If you believe captive supplies are an economic millstone hung 'round the necks of producers by heartless packers in order to control price, then you'd better grab your favorite ulcer easer.
“There is flat-out no research to support that idea,” says Stephen Koontz, Colorado State University professor of agricultural and resource economics. “If packers have plants running efficiently and can minimize costs, they are able to pay more money for cattle.”
Yes, most industry-accepted studies indicate captive supply can depress near-term spot cash prices negatively, but all say to a negligible degree.
Yes, the Grain Inspection, Packer and Stockyards Administration's (GIPSA) government-mandated Captive Supply Report released in January indicates captive supplies in 1999 would have been estimated at 32.3% rather than 25.2%. (Check out the full report at www.usda.gov/gipsa/pubs/captive_supply/captive.htm for details on the different definitions used by different reporting agencies that are at the root of the discrepancy.)
Yes, even the revised figure falls far short of the captive supply percentages seen in a given region of the country during a given week. For perspective, the monthly percentage of captive supply reported in 1999 by the Texas Cattle Feeders Association ranged from 27.4% to 53.8% (35.8% for the year), compared to a range of 22.6% to 43.0% (28.5% for the year) reported by the National Agricultural Statistics Service.
Yes, in a given week and area it's more than conceivable that packers can draw captive supplies forward and depress spot prices to a degree. But ultimately both Peter and Paul run out of near-term captive cattle and must go back into the spot market to pay more to get them.
“Focusing on the negative impact of near-term prices ignores the fact that packers have to be in the market at some point purchasing the contract cattle. You cannot have one without the other,” says Koontz.
So, there is still not a valid, industry-wide, top-to-bottom study that shows current captive supply numbers significantly impact near-term spot prices much one way or another. And there have been plenty of studies conducted by plenty of government and university economists.
Those studies are still valid. “If you put the new numbers in the old research, I don't think there's much impact,” says Koontz. “Seven percent isn't a whole lot of difference.”
Based on intensive research studies, Koontz emphasizes through concentration, captive supply or some combination, “the economics that producers derive from large packing plants and multi-plant companies far outweigh any near-term price depression.”
Data Doesn't Support A Ban
Moreover, Koontz points out that USDA's most comprehensive captive supply studies include the total harvested cattle population for a year, not merely a representative sample. Packers were subpoenaed to supply data on every transaction.
Consequently, Koontz says, “We know exactly what happened. It's not popular, but facts are facts.”
Unfortunately, some groups cast about inaccurate or incomplete numbers trying to prove otherwise. In the latest GIPSA summary, for example, researchers looked at data reported by the Western Organization of Resource Councils (WORC).
According to the report, “WORC's use of the Moses Lake Formula sales data in combination with AMS's Plains States' Additional Movement to produce a graph entitled, Captive Supply on the Rise, significantly misrepresents the actual level of captive supply on a national basis, especially when the resulting graph portrays captive supply frequently exceeding 90 percent.”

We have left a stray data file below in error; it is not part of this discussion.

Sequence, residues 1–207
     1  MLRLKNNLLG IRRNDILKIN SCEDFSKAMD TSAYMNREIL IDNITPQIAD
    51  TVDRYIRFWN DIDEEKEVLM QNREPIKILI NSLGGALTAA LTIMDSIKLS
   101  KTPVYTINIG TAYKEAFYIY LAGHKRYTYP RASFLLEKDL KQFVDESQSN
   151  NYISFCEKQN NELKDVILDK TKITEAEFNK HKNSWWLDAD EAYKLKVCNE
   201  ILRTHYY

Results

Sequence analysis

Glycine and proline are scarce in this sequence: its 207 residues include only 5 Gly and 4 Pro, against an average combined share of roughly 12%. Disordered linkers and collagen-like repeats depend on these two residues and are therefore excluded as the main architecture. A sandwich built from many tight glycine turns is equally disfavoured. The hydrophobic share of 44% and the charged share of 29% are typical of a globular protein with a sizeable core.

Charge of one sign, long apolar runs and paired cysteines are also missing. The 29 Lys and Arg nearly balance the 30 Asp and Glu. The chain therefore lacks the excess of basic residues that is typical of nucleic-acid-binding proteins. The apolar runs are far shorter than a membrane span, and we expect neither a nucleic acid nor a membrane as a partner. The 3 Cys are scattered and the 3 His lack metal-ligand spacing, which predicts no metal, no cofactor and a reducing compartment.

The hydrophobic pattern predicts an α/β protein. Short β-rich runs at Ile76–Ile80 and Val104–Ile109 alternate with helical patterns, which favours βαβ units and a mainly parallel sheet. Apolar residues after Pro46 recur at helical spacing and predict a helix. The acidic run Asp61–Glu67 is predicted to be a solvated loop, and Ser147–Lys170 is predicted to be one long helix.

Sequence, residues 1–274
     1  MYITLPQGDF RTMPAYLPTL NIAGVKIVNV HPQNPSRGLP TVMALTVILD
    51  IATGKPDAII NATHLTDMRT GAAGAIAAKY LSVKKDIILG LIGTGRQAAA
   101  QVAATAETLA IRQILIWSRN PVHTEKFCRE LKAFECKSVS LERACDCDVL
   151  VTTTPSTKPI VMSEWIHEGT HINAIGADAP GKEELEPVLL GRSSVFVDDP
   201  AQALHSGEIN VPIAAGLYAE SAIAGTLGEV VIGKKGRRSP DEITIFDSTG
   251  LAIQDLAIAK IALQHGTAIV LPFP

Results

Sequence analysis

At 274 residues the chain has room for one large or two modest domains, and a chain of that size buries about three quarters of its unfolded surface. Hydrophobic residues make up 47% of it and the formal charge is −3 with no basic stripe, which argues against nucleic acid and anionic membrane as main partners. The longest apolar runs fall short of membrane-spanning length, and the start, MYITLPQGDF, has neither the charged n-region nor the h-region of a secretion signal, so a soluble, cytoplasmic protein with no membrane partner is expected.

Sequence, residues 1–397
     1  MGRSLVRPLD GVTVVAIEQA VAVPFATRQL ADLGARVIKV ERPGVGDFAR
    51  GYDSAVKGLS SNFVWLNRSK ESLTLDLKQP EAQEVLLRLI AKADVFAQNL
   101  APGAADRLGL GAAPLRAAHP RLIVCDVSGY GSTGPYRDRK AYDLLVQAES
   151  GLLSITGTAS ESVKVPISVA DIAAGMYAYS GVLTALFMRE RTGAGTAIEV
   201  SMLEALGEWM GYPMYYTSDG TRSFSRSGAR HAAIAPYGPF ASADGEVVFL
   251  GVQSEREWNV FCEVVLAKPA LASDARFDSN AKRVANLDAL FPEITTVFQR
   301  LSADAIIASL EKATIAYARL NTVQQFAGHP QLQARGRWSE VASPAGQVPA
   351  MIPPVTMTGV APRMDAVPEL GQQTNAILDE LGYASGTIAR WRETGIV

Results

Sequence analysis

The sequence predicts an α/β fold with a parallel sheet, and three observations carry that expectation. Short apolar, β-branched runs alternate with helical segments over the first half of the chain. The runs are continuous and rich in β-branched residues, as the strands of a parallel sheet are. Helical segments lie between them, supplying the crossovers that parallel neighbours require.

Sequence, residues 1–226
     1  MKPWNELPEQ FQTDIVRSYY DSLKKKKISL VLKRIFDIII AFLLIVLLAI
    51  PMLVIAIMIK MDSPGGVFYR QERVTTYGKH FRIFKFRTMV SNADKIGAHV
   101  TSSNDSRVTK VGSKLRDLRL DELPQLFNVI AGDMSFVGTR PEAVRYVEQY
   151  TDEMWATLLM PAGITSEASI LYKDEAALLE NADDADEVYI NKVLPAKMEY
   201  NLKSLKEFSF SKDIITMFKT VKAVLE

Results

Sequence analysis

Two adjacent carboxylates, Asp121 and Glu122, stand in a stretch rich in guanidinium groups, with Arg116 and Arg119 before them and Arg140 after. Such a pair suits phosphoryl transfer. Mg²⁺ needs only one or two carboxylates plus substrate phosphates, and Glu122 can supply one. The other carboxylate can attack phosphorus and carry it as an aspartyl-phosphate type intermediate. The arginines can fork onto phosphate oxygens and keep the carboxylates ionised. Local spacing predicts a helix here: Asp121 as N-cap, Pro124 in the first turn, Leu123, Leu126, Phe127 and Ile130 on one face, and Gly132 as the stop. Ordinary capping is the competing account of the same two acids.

The danger in this preoccupation with and misrepresentation of captive supply has little to do with price and a lot to do with misappropriating industry resources by plowing the same field over and over again and keeping the industry's creativity flying closer to the ground than it needs to. Even worse, it spawns a growing number of misguided attempts to legislate the marketplace.
A couple of years ago, some folks in South Dakota got a state law put in place that basically made it illegal for packers to pay different prices for cattle. Fortunately, lawmakers with a longer view over-turned the law that would keep packers from coming in to buy anything.
Last fall, some producers in Missouri got the same type of law passed. When it was obvious the packers weren't coming to buy, a special legislative session overturned the law.
Most recently, the U.S. Senate added the so-called Johnson amendment (see page 62) to the still-undecided farm bill. The amendment would limit packer ownership of cattle beyond 14 days of harvest.
On its surface, such a notion may sound warm and fuzzy, but Koontz and seven other of this nation's leading agricultural economists offered up a long list of implications that would depress price and dilute current and future investment in demand-enhancing tools (see page 62).
The Market Will Decide
Admittedly, it is easier to blame an outsider for an inside problem. But turning Aunt Bessie loose with a pair of wire cutters to mangle whatever she thinks is causing noise under the hood — with no basic understanding of how an engine works — seems a haphazard approach.
“Something I think beef producers need to keep in mind is that, yes, you can do whatever you want and produce whatever you want,” says Koontz. “But the legislation some of them ask for has nothing to do with the right to produce what they want. They're asking for the legal right to sell whatever they want, and no one has that right.”
The market will decide. And as long as the cattle business operates on capitalistic principles rather than socialism, it always will.